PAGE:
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Mammalian diversity and Matses ethnomammalogy in Amazonian Peru. Part 3, Marsupials (Didelphimorphia). (Bulletin of the American Museum of Natural History, no. 432)

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dc.contributor.author Voss, Robert S.
dc.contributor.author Fleck, David W. (David William), 1969-
dc.contributor.author Jansa, Sharon A.
dc.date.accessioned 2019-06-13T18:47:20Z
dc.date.available 2019-06-13T18:47:20Z
dc.date.issued 2019-06-14
dc.identifier.uri http://digitallibrary.amnh.org/handle/2246/6942
dc.description 87 pages : illustrations (some color), maps ; 26 cm. en_US
dc.description.abstract This report is the third in our monographic series on mammalian diversity and Matses ethnomammalogy in the Yavarí-Ucayali interfluvial region of northeastern Peru. Based on taxonomic analysis of specimens collected in the region, we document the occurrence of 19 species of marsupials in the genera Caluromys, Glironia, Hyladelphys, Marmosa, Monodelphis, Metachirus, Chironectes, Didelphis, Philander, Gracilinanus, and Marmosops. Our principal taxonomic results include the following: (1) we provide a phylogenetic analysis of previously unpublished mitochondrial DNA (mtDNA) sequence data for Caluromys that supports the reciprocal monophyly of all currently recognized species in the genus but reveals substantial heterogeneity in one extralimital taxon; (2) we explain why Marmosa constantiae is the correct name for the southwestern Amazonian taxon previously known as Mar. demerarae, and we diagnose Mar. constantiae from Mar. rapposa, a superficially similar species from southern Peru, eastern Bolivia, and central Brazil; (3) we explain why Mar. rutteri is the correct name for one of the Amazonian species currently known as Mar. regina, and we restrict the latter name to the transAndean holotype; (4) we recognize Metachirus myosuros as a species distinct from Met. nudicaudatus based on morphological comparisons and a phylogenetic analysis of new mtDNA sequence data; and (5) we name a new species of Marmosops to honor the late Finnish-Peruvian naturalist Pekka Soini. Of the 19 marsupial species known to occur in the Yavarí-Ucayali interfluve, 16 have been recorded in sympatry at Nuevo San Juan, the Matses village where we based most of our fieldwork from 1995 to 1999. We explain why we believe the marsupial species list from Nuevo San Juan to be complete (or nearly so), and we compare it with a species list obtained by similarly intensive fieldwork at Paracou (French Guiana). Although Nuevo San Juan and Paracou are 2500 km apart on opposite sides of Amazonia, the same opossum genera are present at both sites, the lists differing only in the species represented in each fauna. We briefly discuss current explanations for spatial turnover in species of terrestrial vertebrates across Amazonian landscapes and provide evidence that the upper Amazon is a significant dispersal barrier for marsupials. Marsupials are not important to the Matses in any way. In keeping with their cultural inattention to mammals that are inconspicuous, harmless, and too small to be of dietary significance, the Matses lexically distinguish only a few kinds of opossums, and they are not close observers of opossum morphology or behavior. en_US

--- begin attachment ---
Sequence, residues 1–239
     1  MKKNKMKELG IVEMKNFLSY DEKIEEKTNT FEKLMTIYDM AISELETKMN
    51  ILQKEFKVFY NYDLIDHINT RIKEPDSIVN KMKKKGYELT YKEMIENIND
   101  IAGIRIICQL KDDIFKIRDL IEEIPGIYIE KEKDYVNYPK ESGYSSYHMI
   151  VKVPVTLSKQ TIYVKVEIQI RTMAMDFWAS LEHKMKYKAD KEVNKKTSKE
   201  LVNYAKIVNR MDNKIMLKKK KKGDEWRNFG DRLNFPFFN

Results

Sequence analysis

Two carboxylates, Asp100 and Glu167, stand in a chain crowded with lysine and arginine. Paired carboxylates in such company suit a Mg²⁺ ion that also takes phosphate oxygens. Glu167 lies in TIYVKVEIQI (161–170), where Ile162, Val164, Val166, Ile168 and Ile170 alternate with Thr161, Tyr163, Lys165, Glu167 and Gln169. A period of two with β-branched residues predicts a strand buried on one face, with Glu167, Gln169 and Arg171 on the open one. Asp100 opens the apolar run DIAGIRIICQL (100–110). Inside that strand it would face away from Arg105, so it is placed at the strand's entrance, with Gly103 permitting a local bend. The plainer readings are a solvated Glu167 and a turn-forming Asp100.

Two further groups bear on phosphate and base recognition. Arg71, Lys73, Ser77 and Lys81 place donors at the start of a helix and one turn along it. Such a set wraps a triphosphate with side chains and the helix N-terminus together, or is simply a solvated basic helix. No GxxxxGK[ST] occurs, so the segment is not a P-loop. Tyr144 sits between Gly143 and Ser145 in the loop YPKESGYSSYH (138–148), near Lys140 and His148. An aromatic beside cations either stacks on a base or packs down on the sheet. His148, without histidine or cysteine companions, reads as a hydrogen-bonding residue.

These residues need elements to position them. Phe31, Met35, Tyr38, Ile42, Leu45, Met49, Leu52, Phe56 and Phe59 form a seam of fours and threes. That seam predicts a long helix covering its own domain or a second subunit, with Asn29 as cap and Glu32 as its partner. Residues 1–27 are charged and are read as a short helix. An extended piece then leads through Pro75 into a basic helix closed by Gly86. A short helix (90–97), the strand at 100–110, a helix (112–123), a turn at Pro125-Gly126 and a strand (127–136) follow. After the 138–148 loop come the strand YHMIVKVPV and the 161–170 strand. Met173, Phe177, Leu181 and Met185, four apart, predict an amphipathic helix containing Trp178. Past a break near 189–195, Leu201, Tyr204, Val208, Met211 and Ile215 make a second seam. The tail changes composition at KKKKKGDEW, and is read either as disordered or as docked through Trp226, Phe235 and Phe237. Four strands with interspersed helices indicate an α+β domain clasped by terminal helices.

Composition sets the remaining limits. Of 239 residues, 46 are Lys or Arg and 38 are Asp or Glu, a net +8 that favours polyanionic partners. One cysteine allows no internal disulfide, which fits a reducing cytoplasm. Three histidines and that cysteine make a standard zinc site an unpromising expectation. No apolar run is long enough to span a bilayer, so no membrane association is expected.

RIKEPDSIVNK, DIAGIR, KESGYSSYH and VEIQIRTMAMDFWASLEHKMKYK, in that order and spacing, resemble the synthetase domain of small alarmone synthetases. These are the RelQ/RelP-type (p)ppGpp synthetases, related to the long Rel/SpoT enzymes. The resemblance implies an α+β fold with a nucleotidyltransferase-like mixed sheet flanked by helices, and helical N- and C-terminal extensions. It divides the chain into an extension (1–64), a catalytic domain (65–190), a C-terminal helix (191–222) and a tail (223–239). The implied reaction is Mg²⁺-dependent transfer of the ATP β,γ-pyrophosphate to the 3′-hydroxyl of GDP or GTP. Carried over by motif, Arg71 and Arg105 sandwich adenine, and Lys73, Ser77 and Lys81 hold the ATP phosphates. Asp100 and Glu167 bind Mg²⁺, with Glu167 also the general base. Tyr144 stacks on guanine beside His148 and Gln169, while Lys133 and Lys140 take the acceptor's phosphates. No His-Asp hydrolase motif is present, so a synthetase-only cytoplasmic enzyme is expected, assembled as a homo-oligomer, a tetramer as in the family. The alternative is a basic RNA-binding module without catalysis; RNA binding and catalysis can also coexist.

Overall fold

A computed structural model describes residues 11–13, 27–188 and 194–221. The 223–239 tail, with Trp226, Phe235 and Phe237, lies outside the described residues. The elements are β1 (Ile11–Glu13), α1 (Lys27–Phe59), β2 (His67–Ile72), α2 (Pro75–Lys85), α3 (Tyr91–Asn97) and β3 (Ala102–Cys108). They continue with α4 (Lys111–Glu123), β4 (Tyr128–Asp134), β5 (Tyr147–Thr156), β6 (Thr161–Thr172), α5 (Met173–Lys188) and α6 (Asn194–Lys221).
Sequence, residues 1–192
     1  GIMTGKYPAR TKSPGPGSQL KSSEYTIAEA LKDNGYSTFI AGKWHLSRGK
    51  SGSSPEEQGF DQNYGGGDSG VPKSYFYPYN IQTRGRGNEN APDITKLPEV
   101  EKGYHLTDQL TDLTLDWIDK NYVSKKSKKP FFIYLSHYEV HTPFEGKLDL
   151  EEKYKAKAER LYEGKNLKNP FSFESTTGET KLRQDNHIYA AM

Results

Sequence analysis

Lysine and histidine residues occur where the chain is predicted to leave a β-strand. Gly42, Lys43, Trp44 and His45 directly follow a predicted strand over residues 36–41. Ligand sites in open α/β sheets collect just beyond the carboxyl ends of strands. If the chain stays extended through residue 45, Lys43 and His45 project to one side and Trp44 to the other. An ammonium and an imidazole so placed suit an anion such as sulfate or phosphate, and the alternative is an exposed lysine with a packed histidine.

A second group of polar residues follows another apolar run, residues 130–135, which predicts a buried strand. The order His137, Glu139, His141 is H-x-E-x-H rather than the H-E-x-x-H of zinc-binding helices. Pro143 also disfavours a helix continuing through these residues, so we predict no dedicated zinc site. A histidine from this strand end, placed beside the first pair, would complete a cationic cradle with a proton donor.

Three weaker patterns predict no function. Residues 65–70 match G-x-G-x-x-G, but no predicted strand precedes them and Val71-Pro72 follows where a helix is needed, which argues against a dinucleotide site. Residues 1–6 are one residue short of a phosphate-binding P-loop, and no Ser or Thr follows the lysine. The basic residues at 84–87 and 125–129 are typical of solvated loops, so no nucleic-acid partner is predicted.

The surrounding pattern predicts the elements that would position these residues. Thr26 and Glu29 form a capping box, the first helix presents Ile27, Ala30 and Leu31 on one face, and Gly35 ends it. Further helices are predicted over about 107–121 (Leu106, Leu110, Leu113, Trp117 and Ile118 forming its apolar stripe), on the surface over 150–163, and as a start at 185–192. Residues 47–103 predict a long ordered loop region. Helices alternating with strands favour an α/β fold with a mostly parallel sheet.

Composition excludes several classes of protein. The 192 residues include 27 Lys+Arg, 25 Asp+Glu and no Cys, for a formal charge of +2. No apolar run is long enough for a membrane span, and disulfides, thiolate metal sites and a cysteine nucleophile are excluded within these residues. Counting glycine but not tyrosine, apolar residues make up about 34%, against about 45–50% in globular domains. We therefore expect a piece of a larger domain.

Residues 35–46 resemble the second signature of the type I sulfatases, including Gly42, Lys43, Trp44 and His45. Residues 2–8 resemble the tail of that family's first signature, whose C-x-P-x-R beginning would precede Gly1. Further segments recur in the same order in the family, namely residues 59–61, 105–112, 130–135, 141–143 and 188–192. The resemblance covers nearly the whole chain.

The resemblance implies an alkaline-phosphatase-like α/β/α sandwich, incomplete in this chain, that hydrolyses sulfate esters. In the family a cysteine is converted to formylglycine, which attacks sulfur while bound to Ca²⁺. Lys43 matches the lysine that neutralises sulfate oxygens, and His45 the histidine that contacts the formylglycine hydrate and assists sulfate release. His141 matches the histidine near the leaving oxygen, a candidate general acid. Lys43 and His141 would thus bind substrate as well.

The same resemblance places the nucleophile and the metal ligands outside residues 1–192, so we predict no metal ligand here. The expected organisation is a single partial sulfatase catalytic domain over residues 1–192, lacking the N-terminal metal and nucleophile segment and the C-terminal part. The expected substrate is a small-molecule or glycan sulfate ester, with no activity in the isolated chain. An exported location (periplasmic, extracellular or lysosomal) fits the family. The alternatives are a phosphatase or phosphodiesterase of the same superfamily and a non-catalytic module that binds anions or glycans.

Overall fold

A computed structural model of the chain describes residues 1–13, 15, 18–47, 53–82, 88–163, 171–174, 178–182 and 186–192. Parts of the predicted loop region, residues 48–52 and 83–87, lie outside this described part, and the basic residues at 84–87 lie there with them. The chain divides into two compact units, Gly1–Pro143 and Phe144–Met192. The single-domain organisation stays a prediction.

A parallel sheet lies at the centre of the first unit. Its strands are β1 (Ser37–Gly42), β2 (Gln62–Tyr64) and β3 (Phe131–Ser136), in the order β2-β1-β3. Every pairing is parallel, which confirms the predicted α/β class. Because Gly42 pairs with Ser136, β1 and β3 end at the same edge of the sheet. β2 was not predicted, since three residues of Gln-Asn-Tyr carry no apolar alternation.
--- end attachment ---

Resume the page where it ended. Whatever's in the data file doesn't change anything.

dc.language.iso en_US en_US
dc.publisher American Museum of Natural History. en_US
dc.relation
dc.relation.ispartofseries Bulletin of the American Museum of Natural History;no.432.
dc.subject Marmosops soinii. en_US
dc.subject Opossums. en_US
dc.subject Mayoruna Indians. en_US
dc.subject Ethnozoology. en_US
dc.subject Rain forest animals. en_US
dc.subject Animal diversity. en_US
dc.subject Ucayali River Region (Peru) en_US
dc.subject Javari River Region (Brazil and Peru) en_US
dc.subject Peru. en_US
dc.subject Amazon River Region. en_US
dc.title Mammalian diversity and Matses ethnomammalogy in Amazonian Peru. Part 3, Marsupials (Didelphimorphia). (Bulletin of the American Museum of Natural History, no. 432) en_US
dc.title.alternative Marsupials (Didelphimorphia). en_US


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  • Bulletin of the American Museum of Natural History
    The Bulletin, published continuously since 1881, consists of longer monographic volumes in the field of natural sciences relating to zoology, paleontology, and geology. Current numbers are published at irregular intervals. The Bulletin was originally a place to publish short papers, while longer works appeared in the Memoirs. However, in the 1920s, the Memoirs ceased and the Bulletin series began publishing longer papers. A new series, the Novitates , published short papers describing new forms.

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